Detection of rabies antigens in the brain tissues of jackals and mongooses and its implications on public health and conservation goals in bauchi state, Nigeria


  • Yakubu Joel Atuman Department of Diagnostics and Extension, National Veterinary Research Institute,Vom
  • Dan A Yarkasuwa Adawa Veterinary Teaching Hospital, Ahmadu Bello University, Zaria
  • Philip A Okewole Department of Diagnostics and Extension, National Veterinary Research Institute,Vom
  • David Shamaki Viral Research Division, National Veterinary Research Institute, Vom
  • Solomon Wuyah Audu Department of Veterinary Medicine, Ahmadu Bello University, Zaria
  • Philip Paul Mshelbwala Department of Veterinary Medicine, Ahmadu Bello University, Zaria
  • Albert Bankole Ogunkoya Department of Veterinary Medicine, Ahmadu Bello University, Zaria


Game reserves, Jackals, Mongooses, Nigeria, Rabies antigens, Wildlife


One year survey of rabies was carried out among wildlife in villages surrounding yankari and Lame-bura game reserves in Bauchi State, Nigeria. Brain samples from 76 Jackals and 18 mongooses were collected from markets, road killed, homestead and farm lands killed. A total prevalence of 9.6% was observed in which rabies antigens were detected in 7 (9.2%) jackals and 2 (11.1%) mongooses using Fluorescent Antibody Test (FAT). Wildlife could feature significantly in the epidemiology of rabies in the study area and the wide practice of wildlife meat consumption known as ‘bush meat’ have prompted farmers and poachers to rampant attacks on wildlife species to meet the market demand for the bush meat thereby increasing the potentials of rabies spread in the area. This is of immense public health concern and a challenge to conservation goals.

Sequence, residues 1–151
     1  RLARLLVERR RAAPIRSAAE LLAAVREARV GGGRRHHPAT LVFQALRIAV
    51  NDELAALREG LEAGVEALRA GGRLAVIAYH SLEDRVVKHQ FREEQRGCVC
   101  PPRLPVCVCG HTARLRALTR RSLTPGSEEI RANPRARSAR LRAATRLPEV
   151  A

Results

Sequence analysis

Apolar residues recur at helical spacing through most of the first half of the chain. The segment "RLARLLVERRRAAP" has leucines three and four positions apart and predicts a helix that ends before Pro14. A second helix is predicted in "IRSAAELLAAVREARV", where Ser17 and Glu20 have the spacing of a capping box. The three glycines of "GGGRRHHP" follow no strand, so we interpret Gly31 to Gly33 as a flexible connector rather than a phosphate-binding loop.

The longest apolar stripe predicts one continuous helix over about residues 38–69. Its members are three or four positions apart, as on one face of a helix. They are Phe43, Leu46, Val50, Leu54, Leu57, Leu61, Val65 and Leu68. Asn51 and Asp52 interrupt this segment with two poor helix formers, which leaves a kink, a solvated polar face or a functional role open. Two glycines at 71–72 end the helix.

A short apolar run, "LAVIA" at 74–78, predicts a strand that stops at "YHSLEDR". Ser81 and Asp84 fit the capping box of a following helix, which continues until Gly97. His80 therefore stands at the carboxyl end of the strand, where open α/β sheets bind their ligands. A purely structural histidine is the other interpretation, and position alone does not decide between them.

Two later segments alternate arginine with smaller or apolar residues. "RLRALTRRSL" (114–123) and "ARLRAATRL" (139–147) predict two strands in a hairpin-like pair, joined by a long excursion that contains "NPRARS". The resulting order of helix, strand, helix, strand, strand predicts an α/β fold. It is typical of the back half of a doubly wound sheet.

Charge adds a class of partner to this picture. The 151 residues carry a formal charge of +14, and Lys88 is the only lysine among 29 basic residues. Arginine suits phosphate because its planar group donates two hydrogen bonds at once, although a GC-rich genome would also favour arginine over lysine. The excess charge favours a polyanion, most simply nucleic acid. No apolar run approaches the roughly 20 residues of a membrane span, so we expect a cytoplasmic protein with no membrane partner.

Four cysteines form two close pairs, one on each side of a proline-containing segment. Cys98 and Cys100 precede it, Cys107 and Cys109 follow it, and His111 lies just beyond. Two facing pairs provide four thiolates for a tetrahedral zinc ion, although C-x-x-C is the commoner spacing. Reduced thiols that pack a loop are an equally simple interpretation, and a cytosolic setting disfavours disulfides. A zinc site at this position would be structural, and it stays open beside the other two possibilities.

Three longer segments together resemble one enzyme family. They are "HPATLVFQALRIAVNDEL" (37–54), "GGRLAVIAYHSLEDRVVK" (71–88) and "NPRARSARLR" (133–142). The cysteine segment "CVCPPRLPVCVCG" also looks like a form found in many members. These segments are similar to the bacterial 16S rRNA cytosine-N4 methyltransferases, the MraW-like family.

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How to Cite

Joel Atuman, Y. ., A Yarkasuwa Adawa, D. ., A Okewole, P. ., Shamaki, D. ., Wuyah Audu, S. ., Paul Mshelbwala, P. ., & Bankole Ogunkoya, A. . (2014). Detection of rabies antigens in the brain tissues of jackals and mongooses and its implications on public health and conservation goals in bauchi state, Nigeria. Scientific Journal of Veterinary Advances, 3(3), 42-47. Retrieved from



Original Article